Rowan Earth Day activities create pipeline awareness

To commemorate Earth Day, the Rowan County KFTC Chapter created new opportunities to raise awareness of the Utica Marcellus Texas Pipeline Project, a.k.a. Kinder Morgan’s proposal to re-purpose the Tennessee Gas Pipeline to carry hazardous natural gas liquids (NGLs).

On Friday, April 22, chapter members set up a table outside of the Fuzzy Duck, a local coffee shop and bookstore in downtown Morehead, and from 10 a.m. to 4 p.m. provided patrons and passers-by with information about the dangers of NGLs and the perils of repurposing a seventy year-old pipeline.

Those who stopped to talk were given helpful handouts and recent news articles on the re-purposing project as well as copies of Balancing the Scales and promotional materials for KFTC.

As luck would have it, one of the U.S. Senate candidates was stopping by the same business while on the campaign trail that Friday, so the chapter was able to speak to the local press covering the candidate’s visit.

Doug Doerrfeld presented a succinct overview of the issue to a reporter for the local NPR station (WMKY) and Chris Merritt had a productive conversation with Larry Dehart, the reporter who had authored the wonderful series on the pipeline project for the Morehead News.

On Monday, April 25, chapter members drove out to neighborhoods in the direct path of the pipeline and, working in pairs, went door to door, providing homeowners with essential information about the re-purposing project.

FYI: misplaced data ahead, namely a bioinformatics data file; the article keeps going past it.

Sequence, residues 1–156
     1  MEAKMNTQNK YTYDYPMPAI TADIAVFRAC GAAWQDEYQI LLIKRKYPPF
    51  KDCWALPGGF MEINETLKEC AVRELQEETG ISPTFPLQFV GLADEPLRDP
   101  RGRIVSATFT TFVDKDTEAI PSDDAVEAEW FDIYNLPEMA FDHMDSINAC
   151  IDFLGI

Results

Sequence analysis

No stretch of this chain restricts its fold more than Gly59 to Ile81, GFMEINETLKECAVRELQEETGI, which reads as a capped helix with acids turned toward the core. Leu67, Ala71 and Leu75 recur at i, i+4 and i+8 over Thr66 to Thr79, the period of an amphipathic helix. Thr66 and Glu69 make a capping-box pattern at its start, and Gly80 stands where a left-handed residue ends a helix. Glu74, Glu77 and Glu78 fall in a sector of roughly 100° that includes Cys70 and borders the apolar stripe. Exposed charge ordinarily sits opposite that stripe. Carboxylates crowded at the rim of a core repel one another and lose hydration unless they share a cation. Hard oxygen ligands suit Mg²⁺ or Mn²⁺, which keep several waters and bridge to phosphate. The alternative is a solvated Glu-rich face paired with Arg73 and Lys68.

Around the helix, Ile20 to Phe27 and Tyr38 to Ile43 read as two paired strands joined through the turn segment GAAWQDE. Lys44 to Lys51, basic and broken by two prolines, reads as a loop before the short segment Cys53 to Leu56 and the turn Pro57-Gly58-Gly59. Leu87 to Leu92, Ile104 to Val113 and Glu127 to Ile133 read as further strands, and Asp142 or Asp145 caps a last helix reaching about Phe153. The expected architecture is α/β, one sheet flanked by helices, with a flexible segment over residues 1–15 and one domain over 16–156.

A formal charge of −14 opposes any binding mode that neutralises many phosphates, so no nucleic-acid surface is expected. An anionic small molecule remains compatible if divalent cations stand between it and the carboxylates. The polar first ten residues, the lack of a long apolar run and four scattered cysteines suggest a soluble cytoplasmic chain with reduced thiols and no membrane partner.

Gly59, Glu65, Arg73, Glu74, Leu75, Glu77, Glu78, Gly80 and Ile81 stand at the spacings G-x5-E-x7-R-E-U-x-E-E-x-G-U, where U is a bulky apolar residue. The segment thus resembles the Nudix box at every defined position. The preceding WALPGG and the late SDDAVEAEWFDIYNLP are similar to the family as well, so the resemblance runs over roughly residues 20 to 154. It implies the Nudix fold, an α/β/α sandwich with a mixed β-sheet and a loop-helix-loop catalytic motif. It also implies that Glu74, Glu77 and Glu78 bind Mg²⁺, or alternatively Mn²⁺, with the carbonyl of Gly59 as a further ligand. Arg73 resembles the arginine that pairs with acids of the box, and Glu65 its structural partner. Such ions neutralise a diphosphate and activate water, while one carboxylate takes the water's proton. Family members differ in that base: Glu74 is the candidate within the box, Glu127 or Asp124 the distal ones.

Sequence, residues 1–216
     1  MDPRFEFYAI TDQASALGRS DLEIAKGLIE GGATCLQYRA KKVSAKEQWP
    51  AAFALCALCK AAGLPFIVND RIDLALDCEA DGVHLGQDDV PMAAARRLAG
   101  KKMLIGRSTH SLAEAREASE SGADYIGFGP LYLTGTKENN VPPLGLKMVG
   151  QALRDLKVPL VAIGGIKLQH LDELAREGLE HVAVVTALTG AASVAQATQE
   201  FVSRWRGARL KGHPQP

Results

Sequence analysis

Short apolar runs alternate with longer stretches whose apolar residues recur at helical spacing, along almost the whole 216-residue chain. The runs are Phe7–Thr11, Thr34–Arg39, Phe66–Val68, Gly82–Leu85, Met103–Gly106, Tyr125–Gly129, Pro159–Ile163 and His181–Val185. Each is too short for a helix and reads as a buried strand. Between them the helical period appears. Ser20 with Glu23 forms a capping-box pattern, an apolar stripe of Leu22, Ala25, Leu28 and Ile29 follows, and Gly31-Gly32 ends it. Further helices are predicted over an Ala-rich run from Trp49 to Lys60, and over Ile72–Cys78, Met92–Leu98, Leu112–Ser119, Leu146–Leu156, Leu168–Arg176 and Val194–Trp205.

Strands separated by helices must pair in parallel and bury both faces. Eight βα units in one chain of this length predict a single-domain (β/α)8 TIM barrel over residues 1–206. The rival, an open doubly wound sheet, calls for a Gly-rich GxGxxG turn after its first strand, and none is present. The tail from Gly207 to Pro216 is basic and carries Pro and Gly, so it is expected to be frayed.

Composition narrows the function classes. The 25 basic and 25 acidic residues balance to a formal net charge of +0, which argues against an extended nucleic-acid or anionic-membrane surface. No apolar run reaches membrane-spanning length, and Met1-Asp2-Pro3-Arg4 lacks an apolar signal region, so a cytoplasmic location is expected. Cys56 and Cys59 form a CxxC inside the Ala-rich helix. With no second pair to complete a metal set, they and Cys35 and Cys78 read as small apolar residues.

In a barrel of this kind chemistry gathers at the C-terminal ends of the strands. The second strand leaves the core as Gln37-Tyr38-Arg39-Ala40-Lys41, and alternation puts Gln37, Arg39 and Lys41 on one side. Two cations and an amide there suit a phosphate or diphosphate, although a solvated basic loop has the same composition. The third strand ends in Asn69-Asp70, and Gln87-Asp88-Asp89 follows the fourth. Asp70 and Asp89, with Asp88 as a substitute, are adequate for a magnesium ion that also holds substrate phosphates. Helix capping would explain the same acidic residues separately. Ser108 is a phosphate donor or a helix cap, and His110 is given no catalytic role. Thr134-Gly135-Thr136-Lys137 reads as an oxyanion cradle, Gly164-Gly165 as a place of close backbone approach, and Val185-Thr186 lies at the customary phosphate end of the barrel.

People within the community were aware of the pipelines that ran so close to their homes, and many expressed a real concern regarding the dangers of a re-purposing project. Although chapter members clearly conveyed the fact that this business venture would require Kentucky to assume all of the risk for none of the profits, they also focused on the power of communal resistance, noting the positive action that has already been taken in Rowan County’s Fiscal Court and the successful efforts in western Massachusetts that caused Kinder-Morgan to halt a $3 billion dollar pipeline project there.

The response to the chapter’s efforts was overwhelmingly positive. Some homeowners expressed appreciation for KFTC efforts, and one woman even offered to follow up with neighbors.

Kathryn Reeder, one of the chapter volunteers, noted: “April 25 was a banner day for the KFTC pipeline canvassing group here in Rowan County. We visited dozens of homes to make residents better aware of the pipeline running through their neighborhoods and the dangerous implications of that pipeline should Kinder Morgan be allowed to re-purpose it. We informed some folks and commiserated with others – all the while expressing that only our joined voices can keep our county safe.”

Not wishing to let the positive momentum of the day go to waste, chapter member Erik Lewis tentatively secured a day for a public forum to be held at an elementary school that is dangerously close to the pipeline. At the forum, the chapter will be screening “The End Of The Line,” the documentary that records the successful citizens campaign to stop the proposed Bluegrass Pipeline in central Kentucky.

The chapter also will be formulating ways to foster more community involvement. Check out future updates from the Rowan County chapter for more on this important initiative.